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Hoffmann, R. A wiki for the life sciences where authorship matters. Nature Genetics (2008)

Inoculum composition and Salmonella pathogenicity island 1 regulate M-cell invasion and epithelial destruction by Salmonella typhimurium.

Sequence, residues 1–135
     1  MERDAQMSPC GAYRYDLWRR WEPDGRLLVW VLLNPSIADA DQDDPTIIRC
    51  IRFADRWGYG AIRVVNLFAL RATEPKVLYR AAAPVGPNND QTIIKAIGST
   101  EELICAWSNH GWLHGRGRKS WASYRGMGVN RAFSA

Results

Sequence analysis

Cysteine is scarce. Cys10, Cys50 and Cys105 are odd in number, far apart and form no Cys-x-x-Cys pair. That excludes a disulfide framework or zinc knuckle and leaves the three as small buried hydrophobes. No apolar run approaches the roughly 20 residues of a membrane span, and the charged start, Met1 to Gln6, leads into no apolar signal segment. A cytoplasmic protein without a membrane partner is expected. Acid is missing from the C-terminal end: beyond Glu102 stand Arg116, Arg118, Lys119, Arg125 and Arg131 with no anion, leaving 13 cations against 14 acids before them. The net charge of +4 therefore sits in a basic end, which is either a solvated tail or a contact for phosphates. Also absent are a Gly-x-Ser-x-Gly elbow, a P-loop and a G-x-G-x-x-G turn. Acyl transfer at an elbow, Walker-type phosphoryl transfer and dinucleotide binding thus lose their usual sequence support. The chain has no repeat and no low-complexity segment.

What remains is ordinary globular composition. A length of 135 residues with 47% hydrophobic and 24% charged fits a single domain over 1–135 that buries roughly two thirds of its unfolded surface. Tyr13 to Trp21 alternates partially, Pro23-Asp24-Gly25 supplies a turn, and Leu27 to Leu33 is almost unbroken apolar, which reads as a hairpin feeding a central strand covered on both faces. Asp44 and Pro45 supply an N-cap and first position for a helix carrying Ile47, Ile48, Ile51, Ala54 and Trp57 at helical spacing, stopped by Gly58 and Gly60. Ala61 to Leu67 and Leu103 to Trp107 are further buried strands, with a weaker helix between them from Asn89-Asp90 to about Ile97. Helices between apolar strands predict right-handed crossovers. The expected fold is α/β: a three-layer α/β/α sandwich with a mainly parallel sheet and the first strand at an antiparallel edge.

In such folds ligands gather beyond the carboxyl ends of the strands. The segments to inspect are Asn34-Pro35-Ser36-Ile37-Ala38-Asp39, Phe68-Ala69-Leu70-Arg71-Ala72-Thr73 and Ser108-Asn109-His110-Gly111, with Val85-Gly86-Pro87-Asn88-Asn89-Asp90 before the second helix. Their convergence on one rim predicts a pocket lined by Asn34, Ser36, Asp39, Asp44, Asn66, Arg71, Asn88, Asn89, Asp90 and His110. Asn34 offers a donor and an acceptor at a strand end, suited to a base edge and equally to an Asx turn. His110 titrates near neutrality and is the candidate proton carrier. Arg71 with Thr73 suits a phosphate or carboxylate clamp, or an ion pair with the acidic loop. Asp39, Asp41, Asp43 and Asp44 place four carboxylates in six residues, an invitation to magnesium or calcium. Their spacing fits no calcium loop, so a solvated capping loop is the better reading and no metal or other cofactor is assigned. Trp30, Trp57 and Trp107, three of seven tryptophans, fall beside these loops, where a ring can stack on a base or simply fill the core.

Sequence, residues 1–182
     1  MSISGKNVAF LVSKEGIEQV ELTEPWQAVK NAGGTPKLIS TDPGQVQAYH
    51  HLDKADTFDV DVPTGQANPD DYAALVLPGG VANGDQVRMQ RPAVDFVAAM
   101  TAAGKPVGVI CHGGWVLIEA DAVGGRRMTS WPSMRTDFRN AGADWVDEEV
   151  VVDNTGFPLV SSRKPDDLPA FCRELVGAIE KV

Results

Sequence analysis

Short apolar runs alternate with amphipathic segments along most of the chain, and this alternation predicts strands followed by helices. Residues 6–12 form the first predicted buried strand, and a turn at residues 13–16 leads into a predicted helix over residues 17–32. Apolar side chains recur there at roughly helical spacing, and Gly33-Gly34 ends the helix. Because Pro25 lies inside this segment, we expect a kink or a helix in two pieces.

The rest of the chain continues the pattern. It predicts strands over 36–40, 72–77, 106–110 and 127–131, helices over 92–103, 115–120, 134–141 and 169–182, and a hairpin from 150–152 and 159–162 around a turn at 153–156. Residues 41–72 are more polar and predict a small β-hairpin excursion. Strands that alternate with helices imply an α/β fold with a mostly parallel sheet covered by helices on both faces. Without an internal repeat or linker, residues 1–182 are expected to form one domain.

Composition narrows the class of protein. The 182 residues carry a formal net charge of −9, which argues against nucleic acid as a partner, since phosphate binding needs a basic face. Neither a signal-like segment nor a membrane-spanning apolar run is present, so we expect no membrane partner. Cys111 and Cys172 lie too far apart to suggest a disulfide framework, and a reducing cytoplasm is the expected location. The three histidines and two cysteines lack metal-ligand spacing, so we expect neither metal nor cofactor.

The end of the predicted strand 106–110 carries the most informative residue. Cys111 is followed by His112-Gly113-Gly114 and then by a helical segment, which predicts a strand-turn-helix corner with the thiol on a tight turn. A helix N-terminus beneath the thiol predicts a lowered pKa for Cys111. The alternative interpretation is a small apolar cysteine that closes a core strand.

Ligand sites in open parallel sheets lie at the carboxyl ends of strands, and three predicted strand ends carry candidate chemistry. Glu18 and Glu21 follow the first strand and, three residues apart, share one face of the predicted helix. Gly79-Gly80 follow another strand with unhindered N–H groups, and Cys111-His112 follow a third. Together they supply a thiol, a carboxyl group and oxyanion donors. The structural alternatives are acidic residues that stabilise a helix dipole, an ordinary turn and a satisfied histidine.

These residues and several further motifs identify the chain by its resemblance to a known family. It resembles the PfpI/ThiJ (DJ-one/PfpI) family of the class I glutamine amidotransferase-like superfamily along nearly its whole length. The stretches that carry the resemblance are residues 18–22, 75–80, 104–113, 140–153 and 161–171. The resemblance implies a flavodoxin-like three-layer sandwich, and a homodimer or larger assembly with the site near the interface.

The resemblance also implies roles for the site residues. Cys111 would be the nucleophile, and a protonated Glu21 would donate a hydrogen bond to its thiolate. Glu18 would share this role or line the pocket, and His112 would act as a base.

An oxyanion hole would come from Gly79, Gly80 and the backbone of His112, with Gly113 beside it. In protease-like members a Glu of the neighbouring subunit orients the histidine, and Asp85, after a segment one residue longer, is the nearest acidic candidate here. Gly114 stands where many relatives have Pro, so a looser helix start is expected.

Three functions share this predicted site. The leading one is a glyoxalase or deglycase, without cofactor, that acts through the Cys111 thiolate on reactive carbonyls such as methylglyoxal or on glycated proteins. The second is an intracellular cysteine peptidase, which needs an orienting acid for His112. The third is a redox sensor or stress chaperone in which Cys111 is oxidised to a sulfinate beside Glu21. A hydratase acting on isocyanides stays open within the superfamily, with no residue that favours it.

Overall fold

In the mouse model of Salmonella typhimurium infection, the specialized antigen-sampling intestinal M cells are the primary route of Salmonella invasion during the early stages of infection. Under certain experimental conditions, M-cell invasion is accompanied by M-cell destruction and loss of adjacent regions of the follicle-associated epithelium (FAE), although the conditions responsible for expression of the cytotoxic phenotype in a proportion of previous studies have not been defined. In the present study, we have demonstrated that the cytotoxic effect exerted by wild-type S. typhimurium on mouse Peyer's patch FAE is dependent on the inoculum composition. We have also demonstrated that the extent of FAE destruction correlates with the extent of M-cell invasion. Bacteria inoculated in Luria-Bertani (LB) broth induce extensive FAE loss and exhibit efficient M-cell invasion, whereas bacteria inoculated in phosphate-buffered saline fail to induce significant FAE disruption and invade M cells at significantly lower levels. Similarly, inoculation in LB significantly enhances invasion of Madin-Darby canine kidney cells by wild-type S. typhimurium. Mutants defective for expression of invA, a component of Salmonella pathogenicity island 1 which is vital for efficient invasion of cultured cells, fail to induce FAE destruction and, when inoculated in LB, are attenuated for M-cell invasion. Variation in inv gene expression is, therefore, one possible mechanism by which inoculate composition may regulate the virulence of wild-type S. typhimurium. Our findings suggest that the composition of the gut luminal contents may be critical in determining the outcome of naturally acquired Salmonella infections and that both vaccine formulation and dietary status of vaccine recipients may significantly affect the efficacy and safety of live Salmonella oral vaccine delivery systems.[1]


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